With a muttered expression of impatience did he glance over the four closely written pages indited in the very minutest of hands and the faintest possible ink. Like one addressing himself, however, to a severe task, he set steadily to work, and for nigh an hour never rose from the table. We have no right, as little have we the wish, to inflict upon our reader any portion of the labor this process of deciphering cost Davis, so that we will briefly state what formed the substance of the epistle. The letter was evidently begun before Lord Lackington had been taken ill, for it opened with an account of Como and the company at the Villa d'Este, where they had gone to resume the water-cure. Her Ladyship's strictures upon the visitors, their morals, and their manners, were pleasantly and flippantly thrown off. She possessed what would really seem an especial gift of her class,—the most marvellous use of the perceptive faculties,—and could read not alone rank and condition, but character and individuality, by traits of breeding and manner that would have escaped the notice of hundreds of those the world calls shrewd observers. This fragment, for it was such, was followed, after a fortnight, by a hastily written passage, announcing that Lord Lackington had been seized with an attack resembling apoplexy, and for several hours remained in great danger. She had detained the letter to give the latest tidings before the post closed, and ultimately decided on not despatching it till the next day. The following morning's communication was a minute account of medical treatment, the bleedings, the blisterings, the watchings, and the anxieties of a sick-bed, with all the vacillating changes that mark the course of malady, concluding with these words: “The doctors are not without hopes, but confess that their confidence is rather based on the great strength and energy of his constitution than upon any success that has attended their treatment, from which I may say that up to this no benefit has accrued. So well as I can interpret his utterance, he seems very anxious to see you, and made an effort to write something to you, which, of course, he could not accomplish. Come out here, therefore, as quickly as possible; the route by Lucerne is, they tell me, the shortest and speediest. If I were to give my own opinion, it would be that he is better and stronger than yesterday; but I do not perceive the doctors disposed to take this view.” After this came a lengthened statement of medical hopes and fears, balanced with all the subtle minuteness known to “the Faculty.” They explained to a nicety how if that poor watch were to stop it could not possibly be from any fault of theirs, but either from some vice in its original construction, or some organic change occasioned by time. They demonstrated, in fact, that great as was their art, it was occasionally baffled; but pointed with a proud humility to the onward progress of science, in the calm assurance that, doubtless, we should one day know all these things, and treat them as successfully as we now do—I am afraid to say what. One thing, however, was sufficiently clear,—Lord Lackington's case was as bad as possible, his recovery almost hopeless. On the turn-down of the last page was the following, written in evident haste, if not agitation: “In opening the letters which have arrived since his illness, I am astonished to find many referring to some suit, either meditated or actually instituted, against our right to the title. Surely some deep game of treachery is at work here. He never once alluded to such a possibility to myself, nor had I the slightest suspicion that any pretended claim existed. One of these letters is from Mr. Davenport Dunn, who has, I can see from the tone in which he writes, been long conversant with the transaction, and as evidently inclines to give it a real or feigned importance. Indeed, he refers to a 'compromise' of some sort or other, and strongly impresses the necessity of not letting the affair proceed further. I am actually distracted by such news coming at such a moment. Surely Lackington could never have been weak enough to yield to mere menace, and have thus encouraged the insolent pretensions of this claim? As you pass through London, call at Fordyce's, somewhere in Furnival's Inn, and, just in course of conversation, showing your acquaintance with the subject, learn all you can on the matter. Fordyce has all our papers, and must necessarily know what weight is due to these pretensions. Above all, however, hasten out here; there is no saying what any day—any hour—may produce. I have no one here to give me a word of advice, or even consolation; for, though Lady Grace is with us, she is so wrapped up in her new theological studies—coquetting with Rome as she has been all the summer—that she is perfectly useless.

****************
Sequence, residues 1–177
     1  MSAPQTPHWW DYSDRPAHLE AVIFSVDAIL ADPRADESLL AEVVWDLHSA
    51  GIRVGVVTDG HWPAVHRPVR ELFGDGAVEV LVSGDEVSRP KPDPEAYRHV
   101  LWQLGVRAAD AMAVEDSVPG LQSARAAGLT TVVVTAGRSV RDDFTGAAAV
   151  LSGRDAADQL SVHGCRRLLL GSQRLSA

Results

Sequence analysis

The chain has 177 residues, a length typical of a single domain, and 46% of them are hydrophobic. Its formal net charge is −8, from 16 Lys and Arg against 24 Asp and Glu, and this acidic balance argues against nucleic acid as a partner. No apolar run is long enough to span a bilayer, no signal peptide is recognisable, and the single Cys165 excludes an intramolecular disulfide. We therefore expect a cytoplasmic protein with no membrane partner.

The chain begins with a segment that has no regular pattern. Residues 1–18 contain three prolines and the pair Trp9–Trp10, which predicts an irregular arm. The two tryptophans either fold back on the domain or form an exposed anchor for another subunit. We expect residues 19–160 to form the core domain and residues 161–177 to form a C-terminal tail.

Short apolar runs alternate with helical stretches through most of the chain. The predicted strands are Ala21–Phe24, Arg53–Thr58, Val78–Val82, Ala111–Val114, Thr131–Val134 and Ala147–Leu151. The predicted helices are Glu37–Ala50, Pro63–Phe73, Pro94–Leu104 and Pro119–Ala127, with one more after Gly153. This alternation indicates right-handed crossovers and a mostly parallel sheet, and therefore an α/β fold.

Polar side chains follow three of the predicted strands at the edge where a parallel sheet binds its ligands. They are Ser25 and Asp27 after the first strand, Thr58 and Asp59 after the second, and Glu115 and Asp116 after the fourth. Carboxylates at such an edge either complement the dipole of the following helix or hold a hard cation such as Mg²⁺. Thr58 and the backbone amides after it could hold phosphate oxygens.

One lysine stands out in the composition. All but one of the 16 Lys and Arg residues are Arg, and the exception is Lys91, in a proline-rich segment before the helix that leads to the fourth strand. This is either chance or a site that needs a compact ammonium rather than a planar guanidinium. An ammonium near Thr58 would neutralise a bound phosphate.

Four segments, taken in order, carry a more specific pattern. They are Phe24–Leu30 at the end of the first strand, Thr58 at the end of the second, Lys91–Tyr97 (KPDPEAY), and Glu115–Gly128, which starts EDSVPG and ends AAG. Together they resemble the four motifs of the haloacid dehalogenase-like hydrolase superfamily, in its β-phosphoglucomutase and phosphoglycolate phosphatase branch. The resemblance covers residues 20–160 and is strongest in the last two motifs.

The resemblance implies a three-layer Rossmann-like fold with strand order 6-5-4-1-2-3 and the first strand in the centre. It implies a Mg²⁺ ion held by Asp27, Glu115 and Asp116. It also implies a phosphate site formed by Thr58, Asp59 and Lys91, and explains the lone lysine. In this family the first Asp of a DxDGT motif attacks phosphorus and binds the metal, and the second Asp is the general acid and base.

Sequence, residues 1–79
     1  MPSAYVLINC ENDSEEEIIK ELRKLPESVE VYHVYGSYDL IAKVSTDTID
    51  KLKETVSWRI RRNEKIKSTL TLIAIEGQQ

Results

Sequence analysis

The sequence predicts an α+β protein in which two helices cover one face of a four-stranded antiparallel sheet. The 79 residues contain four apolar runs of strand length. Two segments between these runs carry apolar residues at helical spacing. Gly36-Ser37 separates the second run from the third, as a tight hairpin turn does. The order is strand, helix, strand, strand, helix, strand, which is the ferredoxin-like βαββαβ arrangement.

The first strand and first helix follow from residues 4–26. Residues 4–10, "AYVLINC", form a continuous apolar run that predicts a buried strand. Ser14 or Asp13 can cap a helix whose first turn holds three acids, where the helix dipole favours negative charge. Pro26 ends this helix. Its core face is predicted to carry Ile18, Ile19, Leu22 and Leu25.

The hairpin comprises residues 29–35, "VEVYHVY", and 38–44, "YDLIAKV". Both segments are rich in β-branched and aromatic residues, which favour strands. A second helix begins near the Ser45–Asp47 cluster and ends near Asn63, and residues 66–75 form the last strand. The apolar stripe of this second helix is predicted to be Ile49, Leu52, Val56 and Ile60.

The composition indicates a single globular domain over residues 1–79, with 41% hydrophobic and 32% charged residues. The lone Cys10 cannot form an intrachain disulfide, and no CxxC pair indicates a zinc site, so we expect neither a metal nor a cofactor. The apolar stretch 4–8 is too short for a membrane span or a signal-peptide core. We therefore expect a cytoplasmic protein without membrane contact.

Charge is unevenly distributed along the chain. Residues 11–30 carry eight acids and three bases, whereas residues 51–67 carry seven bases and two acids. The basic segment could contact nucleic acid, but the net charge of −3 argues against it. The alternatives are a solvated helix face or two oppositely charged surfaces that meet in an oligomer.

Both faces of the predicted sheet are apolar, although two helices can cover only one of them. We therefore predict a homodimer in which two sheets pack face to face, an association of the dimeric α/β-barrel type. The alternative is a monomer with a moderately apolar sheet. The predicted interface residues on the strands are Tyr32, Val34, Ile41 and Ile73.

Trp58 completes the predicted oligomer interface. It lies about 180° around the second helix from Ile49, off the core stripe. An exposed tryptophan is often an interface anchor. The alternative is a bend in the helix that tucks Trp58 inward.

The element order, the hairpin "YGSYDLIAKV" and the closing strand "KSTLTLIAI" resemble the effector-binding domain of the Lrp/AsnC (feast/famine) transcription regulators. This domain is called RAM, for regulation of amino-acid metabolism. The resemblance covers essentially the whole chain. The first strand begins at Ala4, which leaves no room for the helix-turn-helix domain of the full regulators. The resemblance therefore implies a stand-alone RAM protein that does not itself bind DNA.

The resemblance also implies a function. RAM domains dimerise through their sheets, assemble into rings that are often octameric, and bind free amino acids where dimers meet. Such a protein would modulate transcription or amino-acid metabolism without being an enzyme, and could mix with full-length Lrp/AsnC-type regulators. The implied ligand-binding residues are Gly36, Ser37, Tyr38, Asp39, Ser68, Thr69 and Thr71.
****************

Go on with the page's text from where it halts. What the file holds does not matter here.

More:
“Have you any idea who is Terence Driscoll? Some extraordinary notes bearing this signature, ill-written and ill-spelt, have fallen into my hands as I rummaged amongst the papers, and they are all full of this claim. It is but too plain Lackington suffered these people to terrify him, and this Driscoll's tone is a mixture of the meanest subserviency and outrageous impertinence. It is not unlikely Fordyce may know him. Of course, I need not add one word of caution against your mention of this affair, even to those of your friends with whom you are in closest intimacy. It is really essential not a hint of it should get abroad.